November 6, 2013 |
WASHINGTON -- Two senators introduced legislation Wednesday to outlaw tax deductions by companies for penalties paid as part of government settlements, responding to concerns that JPMorgan Chase & Co. could end up with a huge write-off if it settles civil investigations with the Justice Department over mortgage bonds. Sens. Jack Reed (D-R.I.) and Charles E. Grassley (R-Iowa) said they wanted to close a loophole that allows companies to "reap tax benefits" for payments made to settle allegations of "illegal corporate behavior.
September 12, 2013
Re "Politics and the pulpit," Editorial, Sept. 8 How is this for an idea not only to remove politics from the pulpit but to do away with all IRS deductions for charity: Eliminate all 503(c)(3) deductions, period. You want to contribute to a favorite charity? Do it, but without the incentive of a tax deduction, which after all raises some questions about how committed you are to the cause. Consequently, a whole bunch of IRS agents wouldn't have to monitor these deductions. And look how it would simplify your tax return.
July 12, 2013 |
Dear Liz: Everyone talks about Roth IRAs and how beneficial they are. But I am self-employed, my husband contributes 16% toward his 401(k), our house is paid off, and we no longer have dependents to deduct on our 1040 tax return. My contribution to my traditional IRA is the only tax deduction we have left. Should I consider a Roth anyway? If so, why? Answer: A Roth would give you a tax-free bucket of money to spend in retirement. That would give you more flexibility to manage your tax bill than if all your money were in 401(k)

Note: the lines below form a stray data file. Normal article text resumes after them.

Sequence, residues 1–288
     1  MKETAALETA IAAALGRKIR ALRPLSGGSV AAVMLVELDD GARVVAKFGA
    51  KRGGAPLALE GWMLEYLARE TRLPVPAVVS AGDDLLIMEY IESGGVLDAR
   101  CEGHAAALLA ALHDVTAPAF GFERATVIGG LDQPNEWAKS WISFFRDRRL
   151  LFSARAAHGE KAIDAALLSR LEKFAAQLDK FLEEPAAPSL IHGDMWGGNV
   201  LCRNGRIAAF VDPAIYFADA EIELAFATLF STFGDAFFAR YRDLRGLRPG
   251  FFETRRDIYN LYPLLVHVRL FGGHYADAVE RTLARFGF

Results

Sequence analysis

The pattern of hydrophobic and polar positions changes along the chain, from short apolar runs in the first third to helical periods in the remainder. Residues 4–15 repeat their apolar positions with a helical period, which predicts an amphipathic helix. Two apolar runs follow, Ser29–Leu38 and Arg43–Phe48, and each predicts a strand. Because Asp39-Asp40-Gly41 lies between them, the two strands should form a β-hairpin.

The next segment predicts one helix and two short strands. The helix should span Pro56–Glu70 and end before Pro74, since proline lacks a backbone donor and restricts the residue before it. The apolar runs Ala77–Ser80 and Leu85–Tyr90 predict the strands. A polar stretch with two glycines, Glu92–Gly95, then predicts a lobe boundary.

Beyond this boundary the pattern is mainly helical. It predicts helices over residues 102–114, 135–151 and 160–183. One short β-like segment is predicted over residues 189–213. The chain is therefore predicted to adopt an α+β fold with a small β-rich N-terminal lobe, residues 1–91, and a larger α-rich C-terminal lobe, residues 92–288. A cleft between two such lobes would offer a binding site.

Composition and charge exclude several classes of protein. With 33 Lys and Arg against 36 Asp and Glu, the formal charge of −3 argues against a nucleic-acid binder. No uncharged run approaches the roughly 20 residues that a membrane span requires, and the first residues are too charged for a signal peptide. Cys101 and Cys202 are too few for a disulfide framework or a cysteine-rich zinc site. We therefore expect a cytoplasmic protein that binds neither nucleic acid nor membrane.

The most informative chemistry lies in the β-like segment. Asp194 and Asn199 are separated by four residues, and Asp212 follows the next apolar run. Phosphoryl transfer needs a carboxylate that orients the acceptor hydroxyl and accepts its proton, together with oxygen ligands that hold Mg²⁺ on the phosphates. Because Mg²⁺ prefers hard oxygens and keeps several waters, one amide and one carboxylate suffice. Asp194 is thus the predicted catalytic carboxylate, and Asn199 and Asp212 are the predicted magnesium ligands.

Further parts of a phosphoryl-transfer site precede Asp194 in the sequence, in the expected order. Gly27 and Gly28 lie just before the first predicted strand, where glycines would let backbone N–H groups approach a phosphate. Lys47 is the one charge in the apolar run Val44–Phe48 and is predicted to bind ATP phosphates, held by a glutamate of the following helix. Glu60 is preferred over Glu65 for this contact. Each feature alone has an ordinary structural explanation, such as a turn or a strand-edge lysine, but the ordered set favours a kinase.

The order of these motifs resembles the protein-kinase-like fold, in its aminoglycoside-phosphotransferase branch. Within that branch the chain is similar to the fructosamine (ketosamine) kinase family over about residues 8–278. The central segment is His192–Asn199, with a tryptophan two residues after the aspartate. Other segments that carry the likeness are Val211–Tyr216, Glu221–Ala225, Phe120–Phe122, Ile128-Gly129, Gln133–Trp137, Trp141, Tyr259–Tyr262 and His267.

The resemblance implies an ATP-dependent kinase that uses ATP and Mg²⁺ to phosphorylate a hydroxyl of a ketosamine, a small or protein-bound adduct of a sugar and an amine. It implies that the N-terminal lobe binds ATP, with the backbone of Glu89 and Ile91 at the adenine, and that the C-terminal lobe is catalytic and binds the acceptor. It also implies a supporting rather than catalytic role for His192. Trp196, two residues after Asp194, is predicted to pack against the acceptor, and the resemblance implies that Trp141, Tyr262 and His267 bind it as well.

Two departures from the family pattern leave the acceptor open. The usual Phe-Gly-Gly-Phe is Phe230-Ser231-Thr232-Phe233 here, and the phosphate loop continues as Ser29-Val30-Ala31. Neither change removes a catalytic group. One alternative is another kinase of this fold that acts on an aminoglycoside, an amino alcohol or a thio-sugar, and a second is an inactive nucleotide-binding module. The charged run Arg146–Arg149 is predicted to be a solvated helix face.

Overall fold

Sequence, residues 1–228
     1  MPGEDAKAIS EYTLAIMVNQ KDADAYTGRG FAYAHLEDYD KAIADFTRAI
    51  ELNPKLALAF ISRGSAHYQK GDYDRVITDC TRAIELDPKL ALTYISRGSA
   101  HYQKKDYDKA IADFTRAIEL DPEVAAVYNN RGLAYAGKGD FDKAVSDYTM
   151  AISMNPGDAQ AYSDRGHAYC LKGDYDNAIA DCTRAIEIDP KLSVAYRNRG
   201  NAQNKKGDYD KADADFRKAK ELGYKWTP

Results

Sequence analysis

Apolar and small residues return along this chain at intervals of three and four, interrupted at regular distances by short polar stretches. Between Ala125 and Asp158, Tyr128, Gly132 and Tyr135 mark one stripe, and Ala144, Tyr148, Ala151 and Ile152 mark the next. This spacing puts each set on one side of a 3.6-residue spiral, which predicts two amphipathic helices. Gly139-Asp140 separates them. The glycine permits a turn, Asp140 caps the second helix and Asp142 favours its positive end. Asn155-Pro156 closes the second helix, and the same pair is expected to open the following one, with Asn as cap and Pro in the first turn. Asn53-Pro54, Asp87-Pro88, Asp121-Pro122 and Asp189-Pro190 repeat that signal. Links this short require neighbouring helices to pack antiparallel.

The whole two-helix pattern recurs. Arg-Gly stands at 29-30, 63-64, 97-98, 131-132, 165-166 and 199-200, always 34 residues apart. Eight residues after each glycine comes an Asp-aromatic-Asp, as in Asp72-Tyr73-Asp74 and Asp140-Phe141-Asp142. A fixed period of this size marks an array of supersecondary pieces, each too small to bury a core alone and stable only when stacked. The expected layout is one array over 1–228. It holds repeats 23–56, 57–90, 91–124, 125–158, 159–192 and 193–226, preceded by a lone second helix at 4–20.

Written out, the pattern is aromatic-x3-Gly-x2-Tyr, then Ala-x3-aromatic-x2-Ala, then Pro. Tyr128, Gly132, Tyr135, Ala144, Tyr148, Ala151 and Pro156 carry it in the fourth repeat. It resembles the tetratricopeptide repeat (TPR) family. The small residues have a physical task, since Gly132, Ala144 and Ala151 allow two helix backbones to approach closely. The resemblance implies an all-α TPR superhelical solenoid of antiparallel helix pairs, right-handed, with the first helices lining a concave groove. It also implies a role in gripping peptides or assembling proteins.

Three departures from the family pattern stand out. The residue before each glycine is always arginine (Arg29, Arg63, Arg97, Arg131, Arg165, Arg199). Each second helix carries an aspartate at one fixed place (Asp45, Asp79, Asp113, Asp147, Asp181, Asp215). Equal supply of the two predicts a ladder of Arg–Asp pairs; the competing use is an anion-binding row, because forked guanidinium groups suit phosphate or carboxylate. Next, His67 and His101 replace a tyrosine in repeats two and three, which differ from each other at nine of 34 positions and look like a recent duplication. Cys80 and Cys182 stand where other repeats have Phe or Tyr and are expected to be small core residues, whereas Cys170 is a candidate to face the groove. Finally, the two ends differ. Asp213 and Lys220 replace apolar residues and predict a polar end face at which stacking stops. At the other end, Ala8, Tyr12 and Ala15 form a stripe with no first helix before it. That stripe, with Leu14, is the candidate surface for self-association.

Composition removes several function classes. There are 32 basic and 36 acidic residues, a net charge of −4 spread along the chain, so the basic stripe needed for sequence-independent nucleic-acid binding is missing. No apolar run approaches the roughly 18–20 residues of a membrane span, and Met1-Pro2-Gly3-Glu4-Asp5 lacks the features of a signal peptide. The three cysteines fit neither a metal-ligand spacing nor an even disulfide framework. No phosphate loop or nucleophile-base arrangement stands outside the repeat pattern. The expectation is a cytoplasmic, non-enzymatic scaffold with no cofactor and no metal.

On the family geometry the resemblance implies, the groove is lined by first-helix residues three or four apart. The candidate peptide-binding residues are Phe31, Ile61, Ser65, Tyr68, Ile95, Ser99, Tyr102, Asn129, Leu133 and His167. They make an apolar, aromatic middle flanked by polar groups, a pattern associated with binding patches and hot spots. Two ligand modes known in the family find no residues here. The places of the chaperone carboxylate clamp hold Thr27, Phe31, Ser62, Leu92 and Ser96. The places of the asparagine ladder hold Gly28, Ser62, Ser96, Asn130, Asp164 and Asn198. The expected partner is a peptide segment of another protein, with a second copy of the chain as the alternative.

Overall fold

CALIFORNIA | LOCAL
February 14, 2013 |
California lawmakers have long complained about being shortchanged by Washington, D.C.: California taxpayers put a lot more into the U.S. Treasury than the state gets back in federal spending. One politician is proposing an unorthodox approach to grabbing some of those dollars back. Sen. Kevin DeLeon (D-Los Angeles) is promoting a scheme through which he says taxpayers could seize on a loophole that recently emerged in federal tax law to raise hundreds of millions of dollars for higher education.
February 8, 2013 |
In my Wednesday column , I argued that the federal tax deduction for home mortgage interest should be trimmed -- because instead of helping first-time homeowners, a worthy public policy goal, it mostly subsidizes big mortgages. I wasn't surprised to learn that a lot of readers disagreed. Angry emails flooded in. Many of the objections were well reasoned, although one reader just called me a Marxist. He must not have noticed that Mitt Romney, who's not a Marxist, also proposed capping the mortgage deduction -- actually, all itemized deductions -- during his presidential campaign.
January 13, 2013 |
Dear Liz: Recently, someone from an insurance company proposed that I stop investing through my 401(k) at work and instead invest in his insurance company contract with after-tax dollars. He claims the funds would be guaranteed so that I would never lose principal, although there would be a cap on how much I could make in any given year. His claim is that it is better to forgo the tax deduction I would get from my 401(k) contributions so that I can take the money out of this contract tax-free in 20 or 30 years.